Sunday, July 27, 2014

Glory: The Complete Saga

 Having never been a fan of Rob Liefeld's Image characters, I honestly have no idea how much, if any, of what goes on in GLORY: THE COMPLETE SAGA jibes with the character's past publishing history. What I can say, with certainty, is that writer Joe Keatinge and artist Ross Campbell have truly outdone themselves, delivering a blistering twelve-issue run that gives readers a beginning, middle, and end, something that is a true rarity in comics these days.

 Glory, as conceived by creator Rob Liefeld, was nothing but a shameless rip-off of Wonder Woman, a companion piece to his Superman rip-off, Supreme. Just as Supreme was re-invented by Alan Moore, Glory gets her turn in the sun now, thanks to a brilliant re-interpretation by Keatinge and Campbell. Their Glory is a hulking, scarred brute of a warrior woman, the offspring of the leaders of two eternally warring races; Born to bring peace to the feuding kingdoms, she abandons her birthright, choosing instead to go to Earth and become a champion to humanity. In her absence, the kingdoms she was to unite fall further into ruin, leading to a disastrous battle that finds her homeworld destroyed, billions dead, and Glory herself a wrecked, shattered husk barely clinging to life.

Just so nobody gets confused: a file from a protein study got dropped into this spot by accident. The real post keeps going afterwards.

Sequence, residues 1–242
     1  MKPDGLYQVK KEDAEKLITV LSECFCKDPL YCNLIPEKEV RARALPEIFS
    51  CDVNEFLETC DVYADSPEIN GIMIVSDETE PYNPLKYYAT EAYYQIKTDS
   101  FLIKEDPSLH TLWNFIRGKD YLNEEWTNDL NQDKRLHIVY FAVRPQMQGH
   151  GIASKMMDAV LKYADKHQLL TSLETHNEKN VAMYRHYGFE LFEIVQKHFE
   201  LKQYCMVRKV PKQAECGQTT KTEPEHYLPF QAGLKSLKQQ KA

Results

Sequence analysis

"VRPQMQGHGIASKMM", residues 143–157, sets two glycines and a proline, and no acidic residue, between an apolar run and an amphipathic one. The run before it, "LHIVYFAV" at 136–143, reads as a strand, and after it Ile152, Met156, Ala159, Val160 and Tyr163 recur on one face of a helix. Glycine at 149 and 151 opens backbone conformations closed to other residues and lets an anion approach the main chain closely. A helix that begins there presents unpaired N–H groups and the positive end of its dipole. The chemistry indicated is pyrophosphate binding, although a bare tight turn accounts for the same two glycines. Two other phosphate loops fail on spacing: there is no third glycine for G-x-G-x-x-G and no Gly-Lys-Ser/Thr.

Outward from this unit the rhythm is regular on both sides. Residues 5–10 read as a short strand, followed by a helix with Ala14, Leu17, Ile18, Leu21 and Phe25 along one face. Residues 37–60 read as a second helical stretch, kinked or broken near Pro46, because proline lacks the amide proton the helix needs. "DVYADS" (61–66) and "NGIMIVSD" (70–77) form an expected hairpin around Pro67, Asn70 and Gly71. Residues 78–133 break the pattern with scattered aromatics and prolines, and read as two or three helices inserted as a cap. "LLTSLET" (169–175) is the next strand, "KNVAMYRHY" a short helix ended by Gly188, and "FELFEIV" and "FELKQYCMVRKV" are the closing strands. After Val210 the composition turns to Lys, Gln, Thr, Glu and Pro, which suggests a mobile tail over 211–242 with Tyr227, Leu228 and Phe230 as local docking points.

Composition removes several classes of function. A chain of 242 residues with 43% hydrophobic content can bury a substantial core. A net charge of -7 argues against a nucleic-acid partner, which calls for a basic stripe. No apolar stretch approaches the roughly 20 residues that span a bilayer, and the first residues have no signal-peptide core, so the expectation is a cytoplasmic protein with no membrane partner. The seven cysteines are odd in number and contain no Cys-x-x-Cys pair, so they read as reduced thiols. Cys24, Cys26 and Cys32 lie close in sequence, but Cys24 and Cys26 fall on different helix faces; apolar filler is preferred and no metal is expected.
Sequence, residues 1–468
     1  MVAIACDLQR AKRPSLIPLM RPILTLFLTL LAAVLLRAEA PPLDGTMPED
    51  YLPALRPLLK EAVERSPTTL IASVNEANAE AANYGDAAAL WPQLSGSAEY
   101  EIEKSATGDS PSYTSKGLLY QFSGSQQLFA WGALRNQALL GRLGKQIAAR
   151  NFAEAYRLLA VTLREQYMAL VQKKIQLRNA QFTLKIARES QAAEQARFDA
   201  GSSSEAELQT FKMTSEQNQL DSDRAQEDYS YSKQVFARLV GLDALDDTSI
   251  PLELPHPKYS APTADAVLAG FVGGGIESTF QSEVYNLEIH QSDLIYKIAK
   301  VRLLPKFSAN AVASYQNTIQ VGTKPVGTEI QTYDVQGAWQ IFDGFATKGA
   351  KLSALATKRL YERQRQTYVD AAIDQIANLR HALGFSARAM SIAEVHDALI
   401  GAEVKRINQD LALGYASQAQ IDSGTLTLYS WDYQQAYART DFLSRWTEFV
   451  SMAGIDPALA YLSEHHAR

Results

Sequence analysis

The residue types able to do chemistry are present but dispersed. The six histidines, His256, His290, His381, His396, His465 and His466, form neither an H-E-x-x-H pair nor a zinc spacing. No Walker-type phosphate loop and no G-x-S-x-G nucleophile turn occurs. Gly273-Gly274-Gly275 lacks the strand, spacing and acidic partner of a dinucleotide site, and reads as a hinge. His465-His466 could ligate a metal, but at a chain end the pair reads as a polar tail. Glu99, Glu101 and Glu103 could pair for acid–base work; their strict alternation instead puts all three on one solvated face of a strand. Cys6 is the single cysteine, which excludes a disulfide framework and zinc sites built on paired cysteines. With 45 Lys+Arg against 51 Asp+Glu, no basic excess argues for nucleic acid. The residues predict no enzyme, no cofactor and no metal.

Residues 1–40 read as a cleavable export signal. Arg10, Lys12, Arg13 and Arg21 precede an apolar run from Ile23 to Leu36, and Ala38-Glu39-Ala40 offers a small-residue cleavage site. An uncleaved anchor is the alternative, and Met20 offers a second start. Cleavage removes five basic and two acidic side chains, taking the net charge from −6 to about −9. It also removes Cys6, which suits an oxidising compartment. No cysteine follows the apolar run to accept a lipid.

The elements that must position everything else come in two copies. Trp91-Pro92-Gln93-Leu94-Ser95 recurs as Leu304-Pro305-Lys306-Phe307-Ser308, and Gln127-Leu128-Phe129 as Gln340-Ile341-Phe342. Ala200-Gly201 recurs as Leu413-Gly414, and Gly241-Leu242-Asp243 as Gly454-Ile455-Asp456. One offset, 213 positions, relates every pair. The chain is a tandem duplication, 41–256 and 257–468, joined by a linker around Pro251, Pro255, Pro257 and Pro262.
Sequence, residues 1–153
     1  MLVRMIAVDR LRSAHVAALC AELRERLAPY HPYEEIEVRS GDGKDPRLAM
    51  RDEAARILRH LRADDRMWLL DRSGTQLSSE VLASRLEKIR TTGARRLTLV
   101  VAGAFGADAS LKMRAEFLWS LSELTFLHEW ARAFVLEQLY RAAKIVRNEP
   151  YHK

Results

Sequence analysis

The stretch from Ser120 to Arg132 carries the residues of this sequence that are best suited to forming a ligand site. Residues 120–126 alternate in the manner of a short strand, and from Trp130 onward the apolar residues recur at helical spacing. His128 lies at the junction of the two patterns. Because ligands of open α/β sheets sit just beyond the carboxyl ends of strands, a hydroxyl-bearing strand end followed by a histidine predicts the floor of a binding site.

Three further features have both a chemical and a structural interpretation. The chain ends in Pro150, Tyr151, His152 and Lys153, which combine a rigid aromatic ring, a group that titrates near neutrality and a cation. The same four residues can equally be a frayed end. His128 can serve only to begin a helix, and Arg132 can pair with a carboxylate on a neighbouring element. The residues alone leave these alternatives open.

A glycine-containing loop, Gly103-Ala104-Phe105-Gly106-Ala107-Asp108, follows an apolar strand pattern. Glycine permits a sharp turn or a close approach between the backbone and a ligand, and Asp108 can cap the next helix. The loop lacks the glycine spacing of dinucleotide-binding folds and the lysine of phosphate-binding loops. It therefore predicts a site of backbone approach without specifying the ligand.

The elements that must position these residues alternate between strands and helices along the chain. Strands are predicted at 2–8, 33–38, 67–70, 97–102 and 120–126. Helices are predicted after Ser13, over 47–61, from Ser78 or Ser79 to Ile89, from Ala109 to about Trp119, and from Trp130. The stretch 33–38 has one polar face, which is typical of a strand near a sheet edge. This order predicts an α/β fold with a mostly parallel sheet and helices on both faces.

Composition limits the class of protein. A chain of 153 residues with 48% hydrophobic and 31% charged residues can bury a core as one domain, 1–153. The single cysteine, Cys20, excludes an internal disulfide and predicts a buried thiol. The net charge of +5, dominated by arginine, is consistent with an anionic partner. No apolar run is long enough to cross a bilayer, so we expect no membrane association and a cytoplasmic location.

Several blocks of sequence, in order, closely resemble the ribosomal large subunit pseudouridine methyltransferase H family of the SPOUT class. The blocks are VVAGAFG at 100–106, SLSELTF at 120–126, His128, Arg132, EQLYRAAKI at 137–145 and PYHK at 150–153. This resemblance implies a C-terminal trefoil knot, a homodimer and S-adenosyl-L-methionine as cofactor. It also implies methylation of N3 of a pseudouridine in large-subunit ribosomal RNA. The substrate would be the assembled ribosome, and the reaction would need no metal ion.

GLORY: THE COMPLETE SAGA chronicles Glory's preparations for the final battle against the forces that destroyed her homeworld, but there's much more to this book than meets the eye. (What does meet the eye is gorgeous, thanks to the hideously grotesque, yet beautiful, art by Ross Campbell. His bizarre creatures, overflowing gore, and exaggerated anatomy are absolutely captivating, and his work is complimented perfectly by the eye-pleasing color palattes of MS, Shastia Hamilton, Joseph Bergin III, Owen Gieni, and Charis Solis.) In addition to bloody battles, there's also drama, friendship, betrayal, secrets, and the underlying love between family members. Plus, lots and lots of monsters get killed in all kinds of nasty ways.

 There were some parts of this book that didn't quite add up for me...I didn't really get how Glory's human sidekick Riley was necessary in the first place. She plays a huge role in the climax of the story, but I wasn't sure why she was a part of the story to begin with...the way she was introduced didn't ring true to me. But overall, this is a good, solid read that should keep you busy for a while. Clocking in at 336 pages, with tons of extras, including scripts, cover and sketch galleries, and much more, this book is well worth the price of admission.

 Image Comics provided a review copy.